[00:11:06] I felt pretty damn good about myself until I met some of my executive peers. And let me tell you about them. So one of them had launched and relaunched some of Australia's most successful titles, so very accomplished. Another had this incredible sense of style where she rocked up to work every day, literally looking like she jumped off one of the fashion pages. It was amazing. And another was married to a high-profile celebrity and she would effortlessly share entertaining inside stories. yeah, it was interesting. It was impressive for sure, but I questioned, did I fit in? And every day I came to work and I walked past these fabulous women and I felt like I was behind in the race. Compared to them I had accomplished so little and comparing is a trap that impacts so many of us, especially those of us who have big dreams and a need for accomplishment. But here's the problem. The impact of comparing yourself, it's actually detrimental. In fact, it fuels imposter syndrome and it makes you feel unworthy.

[00:12:18] So what can you do break free from the comparison trap? Well, here are two little simple tips that worked for me, and I hope they work for you too. And the first is this one, be your own best friend. Like when you talk to yourself, be kind, be understanding, never be mean. And how do you know when you're being mean?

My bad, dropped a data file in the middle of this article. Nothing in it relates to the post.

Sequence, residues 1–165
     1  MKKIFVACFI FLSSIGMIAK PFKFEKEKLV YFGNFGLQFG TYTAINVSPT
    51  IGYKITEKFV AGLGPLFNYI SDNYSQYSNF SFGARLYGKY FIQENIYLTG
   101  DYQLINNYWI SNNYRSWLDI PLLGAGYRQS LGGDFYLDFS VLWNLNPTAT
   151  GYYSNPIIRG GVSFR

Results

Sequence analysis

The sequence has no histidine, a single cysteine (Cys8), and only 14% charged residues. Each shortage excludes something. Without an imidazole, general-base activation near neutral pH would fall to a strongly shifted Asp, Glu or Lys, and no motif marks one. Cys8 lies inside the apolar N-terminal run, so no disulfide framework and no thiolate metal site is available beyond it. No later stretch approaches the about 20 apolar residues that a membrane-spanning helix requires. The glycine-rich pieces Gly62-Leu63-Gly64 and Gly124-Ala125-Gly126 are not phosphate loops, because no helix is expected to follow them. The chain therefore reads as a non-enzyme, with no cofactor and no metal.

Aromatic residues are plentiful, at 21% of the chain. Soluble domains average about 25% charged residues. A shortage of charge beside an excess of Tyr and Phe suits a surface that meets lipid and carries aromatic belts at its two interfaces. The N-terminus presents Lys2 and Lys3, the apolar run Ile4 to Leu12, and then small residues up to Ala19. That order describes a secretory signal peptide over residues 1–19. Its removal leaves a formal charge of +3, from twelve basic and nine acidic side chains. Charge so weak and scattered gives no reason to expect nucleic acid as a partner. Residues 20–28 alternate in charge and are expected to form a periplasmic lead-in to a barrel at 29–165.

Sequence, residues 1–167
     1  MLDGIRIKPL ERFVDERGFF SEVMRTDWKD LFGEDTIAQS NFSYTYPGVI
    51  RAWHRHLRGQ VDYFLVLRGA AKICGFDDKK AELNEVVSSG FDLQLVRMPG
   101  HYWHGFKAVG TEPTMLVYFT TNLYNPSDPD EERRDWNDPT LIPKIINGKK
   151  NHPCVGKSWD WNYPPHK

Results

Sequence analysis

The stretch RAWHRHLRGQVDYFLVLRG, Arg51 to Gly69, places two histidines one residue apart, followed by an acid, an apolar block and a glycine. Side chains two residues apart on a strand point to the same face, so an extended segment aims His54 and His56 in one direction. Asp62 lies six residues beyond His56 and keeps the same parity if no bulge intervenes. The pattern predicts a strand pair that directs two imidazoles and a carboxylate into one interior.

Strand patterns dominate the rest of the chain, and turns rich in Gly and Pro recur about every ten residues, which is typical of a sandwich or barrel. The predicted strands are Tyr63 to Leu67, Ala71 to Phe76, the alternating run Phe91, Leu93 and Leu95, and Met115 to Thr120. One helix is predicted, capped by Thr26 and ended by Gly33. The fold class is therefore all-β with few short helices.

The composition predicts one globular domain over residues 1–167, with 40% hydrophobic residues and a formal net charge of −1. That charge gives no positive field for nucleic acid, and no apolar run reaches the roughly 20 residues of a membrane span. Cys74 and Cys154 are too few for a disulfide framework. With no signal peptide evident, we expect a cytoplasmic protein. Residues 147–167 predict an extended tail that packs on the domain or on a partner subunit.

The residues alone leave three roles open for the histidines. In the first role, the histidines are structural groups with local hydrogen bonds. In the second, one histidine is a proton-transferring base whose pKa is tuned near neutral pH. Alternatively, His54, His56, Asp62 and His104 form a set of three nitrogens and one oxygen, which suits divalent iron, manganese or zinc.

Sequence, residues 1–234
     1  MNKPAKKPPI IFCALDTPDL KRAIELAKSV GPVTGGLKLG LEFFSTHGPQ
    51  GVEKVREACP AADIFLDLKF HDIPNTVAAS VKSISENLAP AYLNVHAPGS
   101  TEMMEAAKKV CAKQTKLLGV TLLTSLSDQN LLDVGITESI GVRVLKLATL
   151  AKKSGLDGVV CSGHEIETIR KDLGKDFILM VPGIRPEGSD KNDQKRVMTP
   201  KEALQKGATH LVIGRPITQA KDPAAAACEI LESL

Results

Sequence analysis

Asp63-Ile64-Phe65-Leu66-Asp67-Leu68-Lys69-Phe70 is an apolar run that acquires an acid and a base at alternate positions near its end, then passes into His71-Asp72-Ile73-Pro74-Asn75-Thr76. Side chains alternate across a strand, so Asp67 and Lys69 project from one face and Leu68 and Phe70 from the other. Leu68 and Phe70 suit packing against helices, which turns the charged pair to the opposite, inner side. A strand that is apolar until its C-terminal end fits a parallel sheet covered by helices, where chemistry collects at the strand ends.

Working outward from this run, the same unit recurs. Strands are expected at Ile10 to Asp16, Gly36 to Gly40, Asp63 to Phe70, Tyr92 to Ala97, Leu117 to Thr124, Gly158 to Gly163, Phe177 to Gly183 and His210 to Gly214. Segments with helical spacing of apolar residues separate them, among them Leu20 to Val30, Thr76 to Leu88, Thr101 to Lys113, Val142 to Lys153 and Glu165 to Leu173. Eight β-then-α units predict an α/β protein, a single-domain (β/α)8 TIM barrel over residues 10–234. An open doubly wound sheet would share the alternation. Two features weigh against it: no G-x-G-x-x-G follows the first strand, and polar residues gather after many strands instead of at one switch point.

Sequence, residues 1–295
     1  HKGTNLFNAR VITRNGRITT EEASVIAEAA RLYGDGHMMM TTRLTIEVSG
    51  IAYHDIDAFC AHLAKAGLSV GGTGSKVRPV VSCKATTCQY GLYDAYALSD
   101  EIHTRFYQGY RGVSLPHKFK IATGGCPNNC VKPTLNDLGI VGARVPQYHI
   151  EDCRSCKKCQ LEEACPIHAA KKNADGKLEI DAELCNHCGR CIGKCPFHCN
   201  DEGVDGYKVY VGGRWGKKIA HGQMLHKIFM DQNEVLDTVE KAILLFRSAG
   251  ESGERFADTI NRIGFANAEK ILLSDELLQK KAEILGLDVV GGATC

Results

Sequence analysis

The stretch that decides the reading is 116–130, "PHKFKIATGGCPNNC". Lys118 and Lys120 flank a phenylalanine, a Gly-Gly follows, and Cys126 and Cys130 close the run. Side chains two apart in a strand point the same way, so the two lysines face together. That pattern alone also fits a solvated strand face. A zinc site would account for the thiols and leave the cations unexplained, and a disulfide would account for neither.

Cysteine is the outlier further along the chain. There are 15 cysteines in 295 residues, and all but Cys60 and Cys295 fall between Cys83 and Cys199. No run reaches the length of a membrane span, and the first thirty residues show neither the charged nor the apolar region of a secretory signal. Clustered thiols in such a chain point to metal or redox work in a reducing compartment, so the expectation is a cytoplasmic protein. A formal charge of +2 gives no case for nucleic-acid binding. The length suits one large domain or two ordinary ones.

[00:12:42] Well, listen to yourself carefully. If you wouldn't say it to your best friend, don’t say it to yourself. Simple as that. And tip number two is about documenting your achievements, and this is a very important point because when you're comparing yourself to others, you tend to focus on their strengths, their accomplishments, what they're achieving, and you ignore your own.

[00:13:07] So go ahead and make a list of your achievements. And I'm sure there's plenty. This is one of the things that we do in the RISE Program. It’s how you identify your achievements, how you document them in the right way, how you frame them up so they have that business context. And it's actually a game changer when you're going into things like your performance reviews or asking for a pay increase or having an important conversation. So document. Your achievements. 

[00:13:37] All right. Let's dive into insight number two… stop people pleasing. Okay. Now this is often how we feel accepted, in the workplace. It also allows us to gain recognition, but the problem is by saying yes and doing that whole people pleasing thing, it can be at the cost of your needs or even your mental health if you're being inundated, And it just leads to a place of either just plateauing off or just this sense of emptiness. Never model yourself on other's expectations but show up as yourself. That's where you've got to get very clear around what is important, what you value, what you're going to pull off, put your time and energy into that.